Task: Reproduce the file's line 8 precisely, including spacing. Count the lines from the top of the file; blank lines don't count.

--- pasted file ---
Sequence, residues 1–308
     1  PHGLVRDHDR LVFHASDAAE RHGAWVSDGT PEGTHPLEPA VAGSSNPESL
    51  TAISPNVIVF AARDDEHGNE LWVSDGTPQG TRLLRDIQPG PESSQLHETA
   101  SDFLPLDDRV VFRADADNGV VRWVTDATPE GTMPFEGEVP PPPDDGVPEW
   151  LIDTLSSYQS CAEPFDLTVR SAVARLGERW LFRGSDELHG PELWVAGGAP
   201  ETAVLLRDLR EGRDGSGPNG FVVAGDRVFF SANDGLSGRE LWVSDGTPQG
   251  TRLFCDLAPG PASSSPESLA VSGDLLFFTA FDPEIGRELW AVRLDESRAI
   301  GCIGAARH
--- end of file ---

   301  GCIGAARH